The dotcom bubble was focused on e-commerce, but very few saw the rise of search and social back in 1999. So said McCormack. He made the same analysis with blockchain. “We don’t know what the golden goose is yet. Because the flagship project so far is bitcoin, which has decentralised something (currency), a lot of people think everything else needs to be decentralised. I don’t think it does. Look at Coinbase. It’s actually centralised app but it’s built on top of a decentralised crypto world.”
Merchants will incentivise customers to use blockchain-backed identity platforms
Johnson argues that merchants instantly see the benefit of the new way of doing digital identity. He believes they will sell it to their customers for reasons of self-interest.
He said: “Merchants tell us we are resolving all our problems in the here and now: the card fraud, the fraudulent chargebacks, the false positives. So I think they will incentivise their customers to move over to these systems.”
Smart contracts have many flaws
The smart contract is the darling of many blockchain proponents. The idea is this: a digital asset has built-in rules and permissions that activate when an owner does something. Hence less need for middle men and lawyers.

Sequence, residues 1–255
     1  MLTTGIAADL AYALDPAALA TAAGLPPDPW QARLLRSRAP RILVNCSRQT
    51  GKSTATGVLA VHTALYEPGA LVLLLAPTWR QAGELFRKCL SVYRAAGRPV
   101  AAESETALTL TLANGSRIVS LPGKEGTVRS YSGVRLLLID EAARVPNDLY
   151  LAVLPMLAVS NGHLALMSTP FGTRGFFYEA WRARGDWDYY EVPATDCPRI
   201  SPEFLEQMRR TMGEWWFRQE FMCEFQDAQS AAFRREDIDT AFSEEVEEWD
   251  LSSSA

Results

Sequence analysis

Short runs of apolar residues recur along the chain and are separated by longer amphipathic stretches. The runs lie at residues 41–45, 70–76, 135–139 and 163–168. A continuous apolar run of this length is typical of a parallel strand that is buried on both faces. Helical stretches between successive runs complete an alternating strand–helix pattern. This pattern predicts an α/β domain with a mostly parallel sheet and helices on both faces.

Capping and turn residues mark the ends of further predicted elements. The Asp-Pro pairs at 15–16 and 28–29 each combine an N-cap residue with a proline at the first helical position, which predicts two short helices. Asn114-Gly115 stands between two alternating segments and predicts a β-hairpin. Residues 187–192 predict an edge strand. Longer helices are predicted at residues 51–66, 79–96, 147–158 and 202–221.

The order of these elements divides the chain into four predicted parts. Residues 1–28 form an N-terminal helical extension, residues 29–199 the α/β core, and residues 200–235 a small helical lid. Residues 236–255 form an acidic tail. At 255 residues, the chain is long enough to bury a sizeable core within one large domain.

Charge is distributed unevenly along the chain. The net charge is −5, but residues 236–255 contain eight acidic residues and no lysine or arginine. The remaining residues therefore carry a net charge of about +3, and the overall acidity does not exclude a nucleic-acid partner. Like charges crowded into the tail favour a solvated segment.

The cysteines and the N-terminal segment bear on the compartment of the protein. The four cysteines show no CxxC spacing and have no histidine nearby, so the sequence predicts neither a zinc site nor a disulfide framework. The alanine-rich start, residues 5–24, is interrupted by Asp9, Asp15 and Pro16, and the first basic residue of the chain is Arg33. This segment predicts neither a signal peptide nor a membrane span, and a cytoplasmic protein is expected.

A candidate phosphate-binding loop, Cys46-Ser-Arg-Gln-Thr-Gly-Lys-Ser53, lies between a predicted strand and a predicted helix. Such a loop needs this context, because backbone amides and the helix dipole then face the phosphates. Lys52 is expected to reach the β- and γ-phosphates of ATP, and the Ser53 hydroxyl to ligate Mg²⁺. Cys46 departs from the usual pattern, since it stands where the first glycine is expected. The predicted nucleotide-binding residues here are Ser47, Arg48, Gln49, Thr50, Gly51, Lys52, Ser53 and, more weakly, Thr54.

Pete McCormack is sceptical. “I worry about their usefulness,” he said. “Smart contracts act like a judge with a rigid set of rules. This doesn’t allow flexibility. Let’s say I sell a car and the smart contract pays out when the car is delivered. What happens when the car breaks down? I think immutable ledgers are not always good for business world.”
Blockchain/crpyto will unlock a kind of global crowdfunding boom
McCormack believes the greatest impact of blockchain/bitcoin will be in powering global entrepreneurship. He says bitcoin is the first ‘global liquidity pool’ that will help finance find the world’s best ideas. “Raising funds from VCs and banks is an arduous process that takes months. Now you create a web site, present a pitch deck and raise money from this global liquidity pool really quickly. It will be much fairer and more interesting way of moving capital around the world.”